You get more flies with honey than vinegar

People are just getting downright rude.

I know I’m not the only one to notice. It really started happening decades ago, thanks to email, texting, the internet, social media, etc. It got much worse during COVID, and it isn’t getting any better.

People are so brave when they are not face to face. They feel they can say things and not be held accountable. Well, not today. Like what was said in the movie “Network” years ago, “I’m mad as hell, and I’m not going to take it anymore.”

It’s like no one thinks anyone should have an opinion different from theirs. They show no respect and don’t listen. I’m actually a person who changes his mind quite often by hearing more information about issues. But I’m a dinosaur.

I’ve been getting some downright nasty emails lately, some from people who should know better. I’m going to share some of them with you. I won’t name names. But I hope by putting them in the spotlight these people will take a look at themselves and straighten up.

One man in Bainbridge Island wrote a terrible Letter to the Editor blasting a local youth organization. I told him I couldn’t run it without checking the facts, so I would be willing to look into it for a story (we are a publication that still respects facts). He went off on me to the point I told him I wasn’t going to work with him at all. To which he replied I was a prick.

That was the one that pushed me over the edge to write this column. But there have been plenty of others as I’d already been thinking about it.

A Bainbridge city leader did not contact me for weeks after I sent him a request. He ended up having a valid reason for that, but he did say my request was bold and inappropriate. He also tried to dictate what I was going to write. While certainly not near the same level as the last gentleman, and I use that term loosely, it caught me off-guard because this man is usually very courteous. My request was reasonable, and a simple “uncomfortable” would have sufficed.

Another person was upset because I didn’t report one particular comment from a long City Council meeting. No reporter can report everything. First of all, no one would take the time to read that long of a story. Secondly, there is only so much space in the paper. We try to pick what we think is the most important elements and keep it as balanced as possible.

BI isn’t the only area that could use a shot in the arm regarding manners.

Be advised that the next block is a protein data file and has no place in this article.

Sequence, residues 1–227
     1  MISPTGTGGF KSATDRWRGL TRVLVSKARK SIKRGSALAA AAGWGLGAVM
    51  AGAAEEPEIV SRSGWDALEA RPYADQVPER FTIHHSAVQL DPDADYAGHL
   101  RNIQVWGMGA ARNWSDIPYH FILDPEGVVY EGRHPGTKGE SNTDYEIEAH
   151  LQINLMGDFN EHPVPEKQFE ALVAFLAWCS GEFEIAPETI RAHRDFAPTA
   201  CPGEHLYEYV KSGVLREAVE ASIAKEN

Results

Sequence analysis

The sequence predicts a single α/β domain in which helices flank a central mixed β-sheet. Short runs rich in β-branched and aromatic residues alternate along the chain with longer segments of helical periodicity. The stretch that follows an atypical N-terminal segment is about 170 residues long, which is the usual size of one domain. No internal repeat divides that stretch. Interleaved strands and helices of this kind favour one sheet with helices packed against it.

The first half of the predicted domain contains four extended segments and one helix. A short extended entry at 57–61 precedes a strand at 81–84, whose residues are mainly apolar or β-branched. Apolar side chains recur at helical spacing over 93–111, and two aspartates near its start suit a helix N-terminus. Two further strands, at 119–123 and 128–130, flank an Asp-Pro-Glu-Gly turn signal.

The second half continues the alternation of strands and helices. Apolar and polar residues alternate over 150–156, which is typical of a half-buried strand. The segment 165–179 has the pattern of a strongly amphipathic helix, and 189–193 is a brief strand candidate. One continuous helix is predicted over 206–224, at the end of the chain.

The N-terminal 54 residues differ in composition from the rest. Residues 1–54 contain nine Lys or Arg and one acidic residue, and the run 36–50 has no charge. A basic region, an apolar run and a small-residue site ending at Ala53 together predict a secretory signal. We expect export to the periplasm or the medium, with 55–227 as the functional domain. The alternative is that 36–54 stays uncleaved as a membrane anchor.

One man in South Kitsap got upset because of a letter to the editor. I tried to explain it was that person’s opinion, not mine, but that didn’t matter. It was my fault, apparently, that person felt that way.

One woman took me to task because one of my reporters spoke to some people during a public meeting. I told her he was doing his job, finding out their names for his story. She apparently wanted everyone’s undivided attention on the dais.

Others were upset about covering only negative news about the school district. But when a bond hasn’t been passed in 30 years and a dysfunctional school board is leading the way it’s tough to balance that out. We report what goes on. I keep hoping they will share some news about the great things their students are doing, but we’re still waiting for those ideas.

In North Kitsap, there was a complaint that we were covering only one side of claims of racism in schools, but then we also were criticized in the opposite direction. I take that as a win since we were criticized for covering both sides.

While this column started with the need for people to be nicer, I must say most people we work with are very nice.

Most understand that because newspaper staffs are smaller than they used to be we need help from the community. It’s impossible to track everything that’s going on. I am so appreciative of people who provide us information, and sometimes even photos, because they understand we can’t be everywhere. That help is the reason we can provide the community with so much information about so many things.

I also appreciate how people seem to understand with these small staffs that what we used to often do in personal interviews now has to be done by phone or email. We used to have to do only three or four stories a week. Now it’s double that. The internet helps a lot because we can get some information much quicker than before. But that still takes time.

And other people have busy lives, too. It used to be people would get right back to us. It was somewhat of an honor to be in the newspaper I think. But now, we have to wait sometimes days for replies. And readers don’t like that. They want information now. So, we can’t hold stories to wait for all the information. Often we have to go with what we have and follow up later.

To conclude, there is a bad attitude out there to be sure. But there are so many good folks that I want all of you to know we appreciate what you do to help us be a better newspaper.